Socialist Alliance councillor Sue Bolton is happy to be able to continue working on unfinished community projects, after being reelected for a third term in the north-east ward of Moreland City Council.
“There are lots of community projects that would have been abandoned, or harder to win, if I was not reelected to council to back up them up,” Bolton told Green Left.
Despite an attempt by conservative independents to oust her and the Greens councillors in the north-east ward with a tight preference swap, Bolton’s vote rose. The right-wing push against the progressive councillors failed, but almost succeeded in facilitating the election of a Donald Trump supporter.
Bolton attributed her victory to eight years of “supporting community campaigns” including against racism, fighting to maintain the right to have meaningful input over development applications and fighting to ensure marginalised people’s needs are not overlooked.
The Greens withstood big swings against them to maintain four council positions: in the south ward, the swing against was 27.49%; in the north-east, it was 8.5% and in the north-west it was 6.2%.
According to Bolton, the backlash against the Greens was largely because of their “bureaucratic implementation of policies, such as parking restrictions, that would make life more difficult for working-class families”.
While Moreland is better served with public transport compared to other outer suburban areas, it doesn’t have good enough public transport to replace a lot of car trips, she said.
The Labor Party also recorded a small negative swing: it ran a conservative “roads, rates and rubbish” campaign and picked up just one new councillor — property developer Milad el-Halabi.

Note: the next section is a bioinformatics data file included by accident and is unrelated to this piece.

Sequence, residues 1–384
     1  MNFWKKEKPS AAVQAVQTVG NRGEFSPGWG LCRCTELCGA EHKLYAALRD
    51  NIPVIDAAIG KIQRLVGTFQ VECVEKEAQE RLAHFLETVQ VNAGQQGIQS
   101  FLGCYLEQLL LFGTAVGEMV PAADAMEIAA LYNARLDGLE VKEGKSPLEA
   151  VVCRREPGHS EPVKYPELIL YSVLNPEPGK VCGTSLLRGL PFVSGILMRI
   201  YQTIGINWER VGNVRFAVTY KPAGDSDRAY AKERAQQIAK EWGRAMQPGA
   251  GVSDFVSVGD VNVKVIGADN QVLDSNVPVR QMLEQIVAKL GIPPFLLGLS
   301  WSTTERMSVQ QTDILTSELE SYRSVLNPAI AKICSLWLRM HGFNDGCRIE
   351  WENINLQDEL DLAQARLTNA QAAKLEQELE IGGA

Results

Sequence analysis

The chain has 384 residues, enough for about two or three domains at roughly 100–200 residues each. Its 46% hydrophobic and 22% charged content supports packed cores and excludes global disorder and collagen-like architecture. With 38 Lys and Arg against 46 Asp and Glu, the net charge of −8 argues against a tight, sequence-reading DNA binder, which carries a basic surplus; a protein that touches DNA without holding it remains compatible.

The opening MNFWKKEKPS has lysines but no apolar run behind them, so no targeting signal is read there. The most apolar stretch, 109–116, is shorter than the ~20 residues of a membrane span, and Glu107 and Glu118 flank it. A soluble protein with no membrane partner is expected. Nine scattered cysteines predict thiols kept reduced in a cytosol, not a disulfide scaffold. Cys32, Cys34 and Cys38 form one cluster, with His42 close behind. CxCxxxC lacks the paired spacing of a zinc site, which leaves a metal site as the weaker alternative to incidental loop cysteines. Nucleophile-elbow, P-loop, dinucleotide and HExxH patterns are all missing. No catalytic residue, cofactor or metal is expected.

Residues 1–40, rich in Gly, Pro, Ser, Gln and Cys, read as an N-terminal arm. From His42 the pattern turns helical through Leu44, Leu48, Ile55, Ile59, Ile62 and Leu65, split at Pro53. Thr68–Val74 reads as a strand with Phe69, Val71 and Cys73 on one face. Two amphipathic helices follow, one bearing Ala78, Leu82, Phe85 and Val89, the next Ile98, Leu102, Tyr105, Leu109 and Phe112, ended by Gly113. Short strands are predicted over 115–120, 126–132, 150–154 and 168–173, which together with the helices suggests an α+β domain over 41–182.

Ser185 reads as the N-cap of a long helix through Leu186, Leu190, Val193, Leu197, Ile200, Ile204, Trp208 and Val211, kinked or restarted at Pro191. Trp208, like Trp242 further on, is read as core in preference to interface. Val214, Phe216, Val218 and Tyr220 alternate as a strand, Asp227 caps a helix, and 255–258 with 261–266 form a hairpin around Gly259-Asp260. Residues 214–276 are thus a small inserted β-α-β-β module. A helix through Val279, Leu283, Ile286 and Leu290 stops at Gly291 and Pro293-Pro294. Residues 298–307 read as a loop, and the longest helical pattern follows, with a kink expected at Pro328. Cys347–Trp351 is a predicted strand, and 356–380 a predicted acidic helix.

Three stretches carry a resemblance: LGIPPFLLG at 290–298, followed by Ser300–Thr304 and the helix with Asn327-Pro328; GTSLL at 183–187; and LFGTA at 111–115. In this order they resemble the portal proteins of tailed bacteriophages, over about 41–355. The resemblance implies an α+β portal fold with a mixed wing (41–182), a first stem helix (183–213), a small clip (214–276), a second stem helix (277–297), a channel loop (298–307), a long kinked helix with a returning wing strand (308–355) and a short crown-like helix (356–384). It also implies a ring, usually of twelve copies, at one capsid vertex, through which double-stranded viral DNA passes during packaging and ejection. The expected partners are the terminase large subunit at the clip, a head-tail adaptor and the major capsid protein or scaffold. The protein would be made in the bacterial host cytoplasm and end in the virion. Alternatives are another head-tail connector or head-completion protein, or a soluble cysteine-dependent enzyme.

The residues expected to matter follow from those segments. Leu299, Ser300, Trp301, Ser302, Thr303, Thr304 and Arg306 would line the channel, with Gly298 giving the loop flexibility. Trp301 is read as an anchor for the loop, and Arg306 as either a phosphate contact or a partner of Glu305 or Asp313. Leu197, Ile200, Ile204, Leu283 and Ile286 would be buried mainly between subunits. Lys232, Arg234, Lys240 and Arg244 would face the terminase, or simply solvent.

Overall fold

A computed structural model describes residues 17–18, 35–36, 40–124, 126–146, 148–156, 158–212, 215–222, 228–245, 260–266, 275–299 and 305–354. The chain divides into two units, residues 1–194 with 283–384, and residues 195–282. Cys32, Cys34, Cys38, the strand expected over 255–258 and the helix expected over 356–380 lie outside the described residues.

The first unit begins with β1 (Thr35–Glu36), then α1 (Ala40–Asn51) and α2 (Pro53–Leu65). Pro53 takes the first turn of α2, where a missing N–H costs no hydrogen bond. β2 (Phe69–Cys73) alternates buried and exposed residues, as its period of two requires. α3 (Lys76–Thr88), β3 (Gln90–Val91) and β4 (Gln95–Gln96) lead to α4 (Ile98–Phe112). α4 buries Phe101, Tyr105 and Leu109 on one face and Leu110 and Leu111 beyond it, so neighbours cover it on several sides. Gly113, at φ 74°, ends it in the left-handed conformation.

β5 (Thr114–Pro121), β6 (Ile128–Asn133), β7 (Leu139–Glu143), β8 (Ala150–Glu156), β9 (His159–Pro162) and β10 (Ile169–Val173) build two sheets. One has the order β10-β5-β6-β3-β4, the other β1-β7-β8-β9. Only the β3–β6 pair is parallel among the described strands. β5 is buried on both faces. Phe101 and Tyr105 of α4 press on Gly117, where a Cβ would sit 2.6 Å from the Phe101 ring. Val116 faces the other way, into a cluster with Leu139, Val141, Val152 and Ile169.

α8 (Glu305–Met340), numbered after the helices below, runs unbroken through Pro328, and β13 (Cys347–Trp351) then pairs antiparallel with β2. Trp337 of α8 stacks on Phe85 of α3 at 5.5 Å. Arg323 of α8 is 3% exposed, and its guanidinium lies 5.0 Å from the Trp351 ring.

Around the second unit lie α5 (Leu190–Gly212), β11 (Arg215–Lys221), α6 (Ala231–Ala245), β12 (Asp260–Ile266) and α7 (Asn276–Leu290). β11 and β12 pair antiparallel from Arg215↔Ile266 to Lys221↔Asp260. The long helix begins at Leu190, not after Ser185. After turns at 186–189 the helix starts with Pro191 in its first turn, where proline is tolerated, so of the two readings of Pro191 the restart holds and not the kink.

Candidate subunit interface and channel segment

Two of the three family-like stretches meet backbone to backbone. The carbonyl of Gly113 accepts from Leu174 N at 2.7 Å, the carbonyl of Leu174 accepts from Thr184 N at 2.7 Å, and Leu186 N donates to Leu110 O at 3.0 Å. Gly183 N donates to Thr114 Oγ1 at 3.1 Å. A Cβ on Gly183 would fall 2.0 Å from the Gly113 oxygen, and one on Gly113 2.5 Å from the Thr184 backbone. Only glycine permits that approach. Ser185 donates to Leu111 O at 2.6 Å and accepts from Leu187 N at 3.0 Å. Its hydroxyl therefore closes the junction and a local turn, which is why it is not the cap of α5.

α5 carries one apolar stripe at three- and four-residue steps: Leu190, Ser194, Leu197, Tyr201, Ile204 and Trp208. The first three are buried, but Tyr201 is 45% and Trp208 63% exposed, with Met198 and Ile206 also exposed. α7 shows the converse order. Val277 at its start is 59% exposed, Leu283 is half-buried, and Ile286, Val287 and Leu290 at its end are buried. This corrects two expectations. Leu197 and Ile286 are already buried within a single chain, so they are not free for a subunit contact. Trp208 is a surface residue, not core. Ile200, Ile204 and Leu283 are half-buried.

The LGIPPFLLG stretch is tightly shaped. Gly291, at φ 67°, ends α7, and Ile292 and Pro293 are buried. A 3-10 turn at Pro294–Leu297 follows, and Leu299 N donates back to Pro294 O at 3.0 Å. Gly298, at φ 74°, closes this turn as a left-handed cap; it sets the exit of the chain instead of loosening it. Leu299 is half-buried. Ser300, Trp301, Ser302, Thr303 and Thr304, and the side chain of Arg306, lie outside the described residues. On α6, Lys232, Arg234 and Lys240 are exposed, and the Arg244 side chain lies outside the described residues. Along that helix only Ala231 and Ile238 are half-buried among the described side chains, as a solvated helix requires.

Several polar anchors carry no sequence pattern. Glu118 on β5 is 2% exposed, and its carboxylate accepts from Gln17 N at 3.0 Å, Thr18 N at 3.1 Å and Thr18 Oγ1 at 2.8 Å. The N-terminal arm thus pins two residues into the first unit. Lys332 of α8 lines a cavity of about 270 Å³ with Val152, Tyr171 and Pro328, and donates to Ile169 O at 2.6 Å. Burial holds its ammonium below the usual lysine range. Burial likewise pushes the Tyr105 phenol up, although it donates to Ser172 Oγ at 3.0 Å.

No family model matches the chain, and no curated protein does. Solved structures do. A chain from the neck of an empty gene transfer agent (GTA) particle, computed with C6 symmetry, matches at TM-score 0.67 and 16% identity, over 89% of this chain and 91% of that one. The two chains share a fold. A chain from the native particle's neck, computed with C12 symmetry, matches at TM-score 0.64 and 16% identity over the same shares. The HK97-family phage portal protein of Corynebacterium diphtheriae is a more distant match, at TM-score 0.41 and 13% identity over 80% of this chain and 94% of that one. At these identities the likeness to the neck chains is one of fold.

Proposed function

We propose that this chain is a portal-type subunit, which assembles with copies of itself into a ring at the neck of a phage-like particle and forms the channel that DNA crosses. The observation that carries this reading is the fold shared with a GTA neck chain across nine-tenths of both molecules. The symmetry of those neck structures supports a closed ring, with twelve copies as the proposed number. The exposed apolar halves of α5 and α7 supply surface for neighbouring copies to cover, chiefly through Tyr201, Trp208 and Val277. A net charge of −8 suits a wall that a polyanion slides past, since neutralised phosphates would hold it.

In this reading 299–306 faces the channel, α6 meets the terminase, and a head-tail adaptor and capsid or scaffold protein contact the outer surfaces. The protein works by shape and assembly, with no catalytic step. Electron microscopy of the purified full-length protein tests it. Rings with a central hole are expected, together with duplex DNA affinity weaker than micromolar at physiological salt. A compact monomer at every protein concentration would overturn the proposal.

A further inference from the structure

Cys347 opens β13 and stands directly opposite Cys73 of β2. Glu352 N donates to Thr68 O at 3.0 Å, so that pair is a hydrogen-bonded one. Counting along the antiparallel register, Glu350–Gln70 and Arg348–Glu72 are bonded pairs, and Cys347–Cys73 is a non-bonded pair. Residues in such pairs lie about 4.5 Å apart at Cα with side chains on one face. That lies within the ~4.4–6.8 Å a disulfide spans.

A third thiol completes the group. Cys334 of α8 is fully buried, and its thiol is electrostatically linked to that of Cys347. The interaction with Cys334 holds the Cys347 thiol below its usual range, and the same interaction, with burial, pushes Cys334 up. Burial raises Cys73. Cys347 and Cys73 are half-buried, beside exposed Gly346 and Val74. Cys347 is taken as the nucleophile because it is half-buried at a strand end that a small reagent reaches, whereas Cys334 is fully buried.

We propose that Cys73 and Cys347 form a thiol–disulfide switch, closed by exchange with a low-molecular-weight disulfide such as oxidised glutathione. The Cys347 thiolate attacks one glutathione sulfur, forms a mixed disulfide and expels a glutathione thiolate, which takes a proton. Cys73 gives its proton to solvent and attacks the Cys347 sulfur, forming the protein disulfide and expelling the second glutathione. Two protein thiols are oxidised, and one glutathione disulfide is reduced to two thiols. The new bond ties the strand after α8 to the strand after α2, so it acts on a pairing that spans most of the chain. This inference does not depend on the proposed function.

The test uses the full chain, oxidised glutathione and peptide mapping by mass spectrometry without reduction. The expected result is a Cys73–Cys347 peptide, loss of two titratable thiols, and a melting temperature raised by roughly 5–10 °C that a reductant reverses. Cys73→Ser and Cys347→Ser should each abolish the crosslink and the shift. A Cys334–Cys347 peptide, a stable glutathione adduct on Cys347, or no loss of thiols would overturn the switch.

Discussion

Bolton’s focus on community need, not developer greed, was aimed at highlighting what Socialist Alliance believes council’s priorities should be.
A major part of the work revolved around making determinations on planning applications. She said Labor's decision to run a property developer in the north-west ward was “outrageous”.
El-Halabi has been named in The Age and the Herald Sun as potentially being implicated in a vote rigging scandal in that ward — a major embarrassment.
The vote rigging was uncovered by the Victorian Electoral Commission (VEC) during the vote count for that ward. It found multiple votes for the same person and that the signatures on the envelope flaps for that voter did not match the signatures on their voter enrollment forms.
The VEC declared the election and then applied to the Victorian Civil and Administrative Tribunal to have the results for north-west ward declared void. A police investigation has begun.
Bolton was part of a team of Socialist Alliance members and community independents that stood candidates in all three wards. While the team failed to win positions in the other wards, Bolton is happy with the strong support shown for the politics the team presented.
Despite the Stage 4 lockdown, which meant that candidates were not allowed to letterbox, door knock, hold street stalls or put up corflutes and posters, the team mobilised about 200 volunteers.
Campaign work was limited to social media and phone-outs to supporters. Public forums, fundraising events and residents’ meetings had to be conducted through video calls until a few weeks before voting began.
Moreland residents include high numbers of casual, hospitality and arts workers, who lost their jobs as a result of the pandemic. There are also many international students, especially in the northern suburbs of Fawkner and Glenroy, who are not eligible for any kind of federal assistance.
Bolton is going to continue to push Moreland council to set up a food bank to help. “At the beginning of the pandemic, I tried but I couldn’t get anyone to second my motion, so it lapsed. Dandenong council has invested heavily in a food bank, showing that councils can and in some cases, are, playing an important role to help the most vulnerable.”
Bolton also wants the new council to keep the grass in Hosken Reserve in Coburg North, rather than it being turned into a synthetic soccer pitch. Her reasoning is that it would keep the reserve accessible to more people.
She is also going to continue the fight to stop council outsourcing its Home Care service and continue to push for stronger action on stopping climate change.